Echoing concerns by Indian diaspora, official report finds the EU-India Trade Agreement would have negative effect on rights

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On 28 February 2024, the European Commission published the conclusions of a trade and sustainability impact assessment that it commissioned to examine the potential negative impacts of a planned EU-India Free Trade Agreement. The assessment finds serious human rights concerns associated with the agreement, including for religious minorities in India, leading human rights organisations and progressive Indian diaspora to sound the alarm bells. 

The assessment concludes: “Due to a serious pre-existing vulnerability regarding multiple issues related to human and labour rights […] the potential of the FTA/IPA is not likely to be used to the full, but only to a limited extent, or not at all.” The impact assessment also notes that the deteriorating human rights situation in India and shrinking civic space make it impossible to implement the FTA to benefit all.  

Notably, the impact assessment finds that the trade agreement would have a negative impact on religious minorities, a group that is currently particularly vulnerable to human rights violations due to the Hindu supremacist ideology the Indian government has enshrined in law. The assessment notes the prevalence of demolitions of Muslim homes and businesses, and concludes that there would be a “major” impact “at sector level” on the right to adequate standard of living if the trade agreement was concluded. Additionally, it finds that the trade agreement would have a minor, but direct, impact on religious minorities’ freedom from slavery and forced labour and freedom from discrimination more broadly, as they might be pushed into further precarious labour. 

The conclusions of the impact assessment affirm the concerns that human rights organisations and progressive Indian diaspora have expressed over the past years. Foundation The London Story (TLS), an Indian diaspora-led organisation based in the Netherlands, had been engaging closely with EU decision-makers throughout the negotiations process.

The EU and India are mutually bound by their commitments to human rights law. They must now urgently take steps to ensure that their future agreement does not violate the fundamental rights of the most vulnerable – especially since the trade agreement should benefit especially them and bring them development.

– Dr Ritumbra Manuvie, Executive Director of Foundation The London Story

The researchers closely engaged with civil society, taking their concerns seriously, and the final conclusions went through several rounds of iteration. TLS submitted two dossiers, participated in the civil society consultations organised by the EU, and provided extensive feedback on the draft report, and is satisfied to see that the final assessment reflects the most serious human rights concerns. Based on evidence submitted by TLS, the impact assessment in several places explicitly discusses, for instance, the use of terror legislation against human rights defenders (Annex page 217), demolitions of the homes of religious minorities (Annex page 237), the risks associated with extractive activities in conflict zones, such as of lithium in Jammu and Kashmir (Annex page 237), and weaking of labour laws in Uttar Pradesh state (Annex page 251).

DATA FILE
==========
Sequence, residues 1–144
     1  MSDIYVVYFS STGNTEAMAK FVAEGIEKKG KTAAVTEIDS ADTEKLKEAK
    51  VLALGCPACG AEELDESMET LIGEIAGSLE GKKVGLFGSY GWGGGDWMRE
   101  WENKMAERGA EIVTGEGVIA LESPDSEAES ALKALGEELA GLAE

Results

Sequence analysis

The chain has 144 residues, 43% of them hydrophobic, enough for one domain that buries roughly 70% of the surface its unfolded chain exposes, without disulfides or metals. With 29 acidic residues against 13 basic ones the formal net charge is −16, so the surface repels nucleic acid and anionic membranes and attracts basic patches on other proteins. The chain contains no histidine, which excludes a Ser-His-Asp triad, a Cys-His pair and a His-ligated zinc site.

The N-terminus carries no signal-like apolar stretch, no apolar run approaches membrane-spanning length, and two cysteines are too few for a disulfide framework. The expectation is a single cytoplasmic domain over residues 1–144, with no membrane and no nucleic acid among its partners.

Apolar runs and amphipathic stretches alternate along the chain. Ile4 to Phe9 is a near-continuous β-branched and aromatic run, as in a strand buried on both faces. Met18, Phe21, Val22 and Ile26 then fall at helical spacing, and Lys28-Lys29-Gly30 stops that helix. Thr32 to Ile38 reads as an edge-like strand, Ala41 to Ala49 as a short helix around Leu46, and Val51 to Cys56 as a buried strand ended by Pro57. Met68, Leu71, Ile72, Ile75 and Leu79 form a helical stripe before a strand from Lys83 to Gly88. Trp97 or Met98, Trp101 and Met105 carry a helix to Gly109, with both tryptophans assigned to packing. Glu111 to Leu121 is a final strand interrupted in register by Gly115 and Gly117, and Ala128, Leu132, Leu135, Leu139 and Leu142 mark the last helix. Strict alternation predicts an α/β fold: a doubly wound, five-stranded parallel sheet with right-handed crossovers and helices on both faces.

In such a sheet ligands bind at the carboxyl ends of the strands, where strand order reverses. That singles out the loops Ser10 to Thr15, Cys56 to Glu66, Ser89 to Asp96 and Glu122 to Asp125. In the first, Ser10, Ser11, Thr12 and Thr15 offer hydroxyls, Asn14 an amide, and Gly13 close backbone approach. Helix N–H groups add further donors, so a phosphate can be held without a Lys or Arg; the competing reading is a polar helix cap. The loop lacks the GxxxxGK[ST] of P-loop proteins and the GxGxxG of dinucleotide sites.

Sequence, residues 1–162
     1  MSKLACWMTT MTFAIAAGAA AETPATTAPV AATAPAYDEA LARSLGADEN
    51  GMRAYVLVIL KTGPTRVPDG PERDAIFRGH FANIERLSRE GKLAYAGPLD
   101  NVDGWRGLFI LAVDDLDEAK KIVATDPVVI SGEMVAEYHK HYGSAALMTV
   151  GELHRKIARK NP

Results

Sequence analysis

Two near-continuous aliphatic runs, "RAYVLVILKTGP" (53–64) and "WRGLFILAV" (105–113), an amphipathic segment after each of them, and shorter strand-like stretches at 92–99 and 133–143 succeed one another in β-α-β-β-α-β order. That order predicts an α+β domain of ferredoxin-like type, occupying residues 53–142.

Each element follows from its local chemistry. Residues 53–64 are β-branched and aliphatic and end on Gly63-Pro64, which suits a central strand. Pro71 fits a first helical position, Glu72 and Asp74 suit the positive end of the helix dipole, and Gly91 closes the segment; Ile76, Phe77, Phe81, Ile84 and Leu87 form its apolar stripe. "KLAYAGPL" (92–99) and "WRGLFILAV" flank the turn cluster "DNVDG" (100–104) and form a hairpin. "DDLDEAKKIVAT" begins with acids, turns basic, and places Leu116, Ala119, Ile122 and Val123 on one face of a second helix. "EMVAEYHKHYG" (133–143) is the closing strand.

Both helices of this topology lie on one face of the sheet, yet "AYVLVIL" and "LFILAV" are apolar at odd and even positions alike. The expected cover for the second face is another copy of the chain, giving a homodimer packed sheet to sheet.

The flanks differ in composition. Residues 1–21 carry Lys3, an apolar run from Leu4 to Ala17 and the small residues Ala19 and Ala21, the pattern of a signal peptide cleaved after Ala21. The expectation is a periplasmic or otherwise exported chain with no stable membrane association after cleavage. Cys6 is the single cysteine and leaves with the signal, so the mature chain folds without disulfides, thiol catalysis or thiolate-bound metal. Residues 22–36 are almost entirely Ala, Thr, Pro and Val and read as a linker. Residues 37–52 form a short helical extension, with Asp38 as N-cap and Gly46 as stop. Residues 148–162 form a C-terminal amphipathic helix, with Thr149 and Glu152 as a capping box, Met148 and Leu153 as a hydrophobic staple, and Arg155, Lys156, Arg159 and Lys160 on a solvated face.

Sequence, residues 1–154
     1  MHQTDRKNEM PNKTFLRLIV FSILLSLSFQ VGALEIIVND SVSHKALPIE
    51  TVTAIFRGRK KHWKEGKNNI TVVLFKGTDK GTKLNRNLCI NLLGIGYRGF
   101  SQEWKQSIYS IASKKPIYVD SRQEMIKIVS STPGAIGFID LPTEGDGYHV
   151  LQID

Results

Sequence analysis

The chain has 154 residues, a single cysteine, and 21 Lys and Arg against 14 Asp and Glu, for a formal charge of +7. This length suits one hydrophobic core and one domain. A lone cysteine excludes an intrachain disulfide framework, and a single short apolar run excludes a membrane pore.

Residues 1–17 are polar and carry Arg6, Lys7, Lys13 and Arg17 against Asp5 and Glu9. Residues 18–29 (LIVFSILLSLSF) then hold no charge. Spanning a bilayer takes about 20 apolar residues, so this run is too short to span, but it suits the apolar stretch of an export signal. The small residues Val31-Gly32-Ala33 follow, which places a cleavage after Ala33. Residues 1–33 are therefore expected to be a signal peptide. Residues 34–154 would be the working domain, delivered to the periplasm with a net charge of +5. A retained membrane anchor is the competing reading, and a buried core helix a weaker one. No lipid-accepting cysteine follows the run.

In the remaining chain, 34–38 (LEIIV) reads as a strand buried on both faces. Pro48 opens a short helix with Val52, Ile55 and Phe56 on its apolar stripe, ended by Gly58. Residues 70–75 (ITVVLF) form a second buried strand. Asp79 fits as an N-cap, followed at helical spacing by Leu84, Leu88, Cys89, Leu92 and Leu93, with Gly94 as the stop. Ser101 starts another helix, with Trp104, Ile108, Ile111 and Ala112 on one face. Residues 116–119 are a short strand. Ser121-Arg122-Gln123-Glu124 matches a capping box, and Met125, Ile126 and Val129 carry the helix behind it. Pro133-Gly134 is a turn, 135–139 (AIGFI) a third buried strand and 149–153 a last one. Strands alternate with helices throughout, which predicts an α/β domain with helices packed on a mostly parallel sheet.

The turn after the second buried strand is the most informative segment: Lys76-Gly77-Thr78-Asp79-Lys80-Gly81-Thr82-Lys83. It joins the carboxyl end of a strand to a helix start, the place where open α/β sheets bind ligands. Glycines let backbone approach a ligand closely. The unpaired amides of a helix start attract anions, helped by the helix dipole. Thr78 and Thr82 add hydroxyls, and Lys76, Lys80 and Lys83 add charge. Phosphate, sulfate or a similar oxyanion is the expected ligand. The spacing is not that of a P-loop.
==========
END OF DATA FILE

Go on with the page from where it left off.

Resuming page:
To ensure that these human rights concerns are mitigated, TLS, diaspora organisations and Indian civil society put forward recommendations in the form of an EU-India People’s Recommendation. These recommendations were communicated to the negotiating team of the EU and the independent researchers conducting the impact assessment. The diaspora organisation also submitted a dossier with concrete recommendations to the European Parliament Subcommittee on Human Rights, which in September 2023 examined first evidence of human rights impacts of the trade agreement. The diaspora’s recommendations include establishing civil society monitoring mechanisms, as well as binding human rights requirements. The impact assessment echoes many of these recommendations, calling on the negotiators to agree on a binding human rights clause, to be monitored by a domestic advisory group. The negotiators of both sides should now meaningfully and sufficiently consider these recommendations, to ensure that the trade agreement benefits all people. 

TLS and diaspora organisations have expressed concern that the serious human rights implications may be brushed aside, including in a joint statement. The EU and India recently concluded the seventh round of negotiations on the agreement, which were held in Delhi on February 19, but discussions on human rights and sustainability have fallen short. TLS reported that during a Civil Society Dialogue with the Directorate General for Trade, they asked whether the Commission would “sideline human rights for the sake of concluding the negotiations”. According to the official meeting records, the official present responded: “India is a very big player, and hence, without compromising our values, we need to engage with countries in any event” (emphasis added). Civil society therefore fears that the EU and India may both be willing to sideline human rights considerations if the negotiations would stall over these issues.

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